Wednesday, July 20, 2011

Chainmail and Steampunk Design by Eric C Young

Owner of Etsy shop, Tangled Metal, and lover of design elements from days of old, Eric Young of Arkansas, was kind enough to all ow me to interview him about his creations and his experiences as a male jeweler. The art of creating chainmail jewelry and other objects is an evolution of ancient armorsmithing techniques, used to craft  lightweight and mobile vests, gloves, helms and more. Look around any art fair or craft show today and you are bound to hear about chainmail and steampunk designs, where elements of a bygone era combine with futuristic and sleek design to produce a unique new genre of wearable art.  He's not from Tennessee, but wherever you are, steampunk and chainmail design are uber hot, and he is one of the pioneers!

Let's hear what Eric, chief designer of has to say about learning his craft and selling his pieces online.

You started making chainmail at age 13 to make a suit of armor; when did you start making pieces for women?
It was not very long after I created my first item, a shirt, that I started making jewelry from chainmail. Jewelry is quicker than armor for sure. That first shirt took me weeks to create. Jewelry took only hours. This was all before the Internet too. So, I was creating with no examples. I think that is why much of my chainmail style is different than other crafters.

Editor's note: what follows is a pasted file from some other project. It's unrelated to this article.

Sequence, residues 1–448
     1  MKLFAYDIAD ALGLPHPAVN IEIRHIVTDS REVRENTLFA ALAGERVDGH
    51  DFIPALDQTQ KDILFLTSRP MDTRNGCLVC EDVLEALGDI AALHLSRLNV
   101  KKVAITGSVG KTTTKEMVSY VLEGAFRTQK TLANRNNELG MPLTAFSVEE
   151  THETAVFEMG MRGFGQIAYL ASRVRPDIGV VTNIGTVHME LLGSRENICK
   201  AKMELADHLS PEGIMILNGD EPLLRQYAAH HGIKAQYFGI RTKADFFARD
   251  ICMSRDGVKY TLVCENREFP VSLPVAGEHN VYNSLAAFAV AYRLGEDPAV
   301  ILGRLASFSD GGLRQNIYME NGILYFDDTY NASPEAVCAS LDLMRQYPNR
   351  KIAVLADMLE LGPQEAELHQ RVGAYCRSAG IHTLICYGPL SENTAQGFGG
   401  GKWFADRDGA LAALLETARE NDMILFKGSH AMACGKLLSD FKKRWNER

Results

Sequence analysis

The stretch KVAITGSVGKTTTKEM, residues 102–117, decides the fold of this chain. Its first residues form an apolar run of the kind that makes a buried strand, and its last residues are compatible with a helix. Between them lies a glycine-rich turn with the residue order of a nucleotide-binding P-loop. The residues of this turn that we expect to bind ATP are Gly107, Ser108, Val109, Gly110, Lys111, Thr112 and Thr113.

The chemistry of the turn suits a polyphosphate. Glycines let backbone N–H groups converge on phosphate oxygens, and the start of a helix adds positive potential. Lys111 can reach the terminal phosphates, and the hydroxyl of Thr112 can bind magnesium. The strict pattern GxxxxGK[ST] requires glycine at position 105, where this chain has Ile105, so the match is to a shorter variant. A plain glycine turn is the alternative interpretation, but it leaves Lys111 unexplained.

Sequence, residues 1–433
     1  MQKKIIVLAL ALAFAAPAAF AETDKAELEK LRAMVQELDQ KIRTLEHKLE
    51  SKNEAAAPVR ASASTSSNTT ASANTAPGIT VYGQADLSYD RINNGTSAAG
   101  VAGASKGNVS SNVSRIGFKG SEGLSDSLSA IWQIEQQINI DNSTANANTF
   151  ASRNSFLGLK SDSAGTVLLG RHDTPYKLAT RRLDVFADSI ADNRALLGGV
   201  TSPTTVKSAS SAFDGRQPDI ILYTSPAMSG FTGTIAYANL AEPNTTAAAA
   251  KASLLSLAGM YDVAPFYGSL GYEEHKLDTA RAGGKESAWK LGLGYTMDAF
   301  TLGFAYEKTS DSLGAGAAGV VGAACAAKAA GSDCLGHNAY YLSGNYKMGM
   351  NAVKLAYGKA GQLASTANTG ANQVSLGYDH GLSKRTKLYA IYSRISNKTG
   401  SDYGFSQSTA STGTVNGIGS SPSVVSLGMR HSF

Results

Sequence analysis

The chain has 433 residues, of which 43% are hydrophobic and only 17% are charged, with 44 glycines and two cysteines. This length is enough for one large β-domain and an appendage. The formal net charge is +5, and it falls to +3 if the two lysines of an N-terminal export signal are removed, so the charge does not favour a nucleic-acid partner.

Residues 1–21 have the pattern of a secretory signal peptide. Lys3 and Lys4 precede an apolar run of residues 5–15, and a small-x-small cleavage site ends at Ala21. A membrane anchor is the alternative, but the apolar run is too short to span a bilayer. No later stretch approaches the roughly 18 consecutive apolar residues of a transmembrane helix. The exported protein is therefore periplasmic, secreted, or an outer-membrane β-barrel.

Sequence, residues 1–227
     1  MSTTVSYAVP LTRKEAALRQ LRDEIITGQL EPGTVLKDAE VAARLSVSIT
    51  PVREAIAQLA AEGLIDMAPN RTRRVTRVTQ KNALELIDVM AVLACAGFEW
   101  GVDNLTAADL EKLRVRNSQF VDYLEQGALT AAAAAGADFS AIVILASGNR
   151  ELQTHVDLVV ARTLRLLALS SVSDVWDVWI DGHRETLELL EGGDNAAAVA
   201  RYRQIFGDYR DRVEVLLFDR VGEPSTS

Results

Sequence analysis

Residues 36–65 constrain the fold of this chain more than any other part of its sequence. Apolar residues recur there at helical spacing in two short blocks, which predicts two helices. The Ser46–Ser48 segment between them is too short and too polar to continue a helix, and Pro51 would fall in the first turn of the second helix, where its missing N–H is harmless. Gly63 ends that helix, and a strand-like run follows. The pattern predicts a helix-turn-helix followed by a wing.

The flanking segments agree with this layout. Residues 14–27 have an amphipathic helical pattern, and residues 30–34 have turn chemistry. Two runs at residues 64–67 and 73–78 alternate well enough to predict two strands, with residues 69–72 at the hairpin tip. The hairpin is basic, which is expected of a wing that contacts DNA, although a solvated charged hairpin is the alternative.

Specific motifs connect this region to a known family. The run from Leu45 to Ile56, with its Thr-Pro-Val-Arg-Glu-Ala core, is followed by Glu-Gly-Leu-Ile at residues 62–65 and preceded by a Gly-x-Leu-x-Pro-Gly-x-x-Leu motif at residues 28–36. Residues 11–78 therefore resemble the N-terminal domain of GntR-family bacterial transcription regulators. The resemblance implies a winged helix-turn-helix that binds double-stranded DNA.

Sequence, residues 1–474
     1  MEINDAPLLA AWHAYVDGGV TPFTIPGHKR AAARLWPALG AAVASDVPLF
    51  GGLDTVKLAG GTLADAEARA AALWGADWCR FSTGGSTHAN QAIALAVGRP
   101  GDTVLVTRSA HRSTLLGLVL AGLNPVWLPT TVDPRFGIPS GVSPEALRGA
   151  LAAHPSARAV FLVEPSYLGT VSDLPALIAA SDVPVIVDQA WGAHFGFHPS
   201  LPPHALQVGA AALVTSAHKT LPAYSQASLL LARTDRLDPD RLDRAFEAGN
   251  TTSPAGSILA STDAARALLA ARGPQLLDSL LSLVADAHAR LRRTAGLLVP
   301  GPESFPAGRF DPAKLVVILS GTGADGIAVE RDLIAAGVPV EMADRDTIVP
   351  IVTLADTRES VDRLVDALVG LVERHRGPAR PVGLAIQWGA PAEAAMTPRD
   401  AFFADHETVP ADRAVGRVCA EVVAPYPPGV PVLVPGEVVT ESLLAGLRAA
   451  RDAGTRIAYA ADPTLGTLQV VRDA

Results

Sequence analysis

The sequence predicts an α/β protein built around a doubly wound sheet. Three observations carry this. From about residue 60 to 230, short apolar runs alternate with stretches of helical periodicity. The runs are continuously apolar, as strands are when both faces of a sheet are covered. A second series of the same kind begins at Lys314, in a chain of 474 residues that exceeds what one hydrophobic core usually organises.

Do you also make jewelry for men?

Yes, I do. I make many items that are for men and a lot of what I make is unisex. I make a lot of items that bikers like to wear. Heavier gauge wired, bigger rings and bolder jewelry. There are women, too, who like the more masculine jewelry. Since I work primarily in stainless steel a lot of my items are very strong, that seems to attract strong women.

When you design a piece of jewelry for a woman, what elements of the piece do you think are the most important?

I try and design pieces that enhance the beauty of a woman. I pay attention to how it will lay on the skin, how it will look in different lights and how easy it is to put on and take off. I think that every piece of jewelry should be an extension of the woman, that is why many of the items I create are custom orders. I do carry several lines of jewelry that are reproduced. Even in my production items I have shown great care to make a proper fit by making most all of my items adjustable to some extent.

How many other male jewelry designers have you encountered?

Believe it or not, up until a few years ago I only knew of two women jewelers. I know dozens of men who are jewelers and silver smiths. My father is a Silversmith and Goldsmith. I guess I grew up around his friends in the craft and they were all men. My mom makes jewelry and designs a lot of jewelry for my dad to make. When I started meeting other chainmaillers they were all guys. I did not meet any women chainmaillers until I was on the Internet. It isn't a shock at all. I do not consider chainmail armor or jewelry to be a man's work. It was more common hundreds of years ago (before men stopped being afraid of women and trying to repress them) that the craft was male dominated. Today we are all equal in most everyone's eyes.

Do you think your experience selling on etsy is any different because of your gender? For example, is it difficult for you to market to women or do you think being male is an advantage, because you stand out?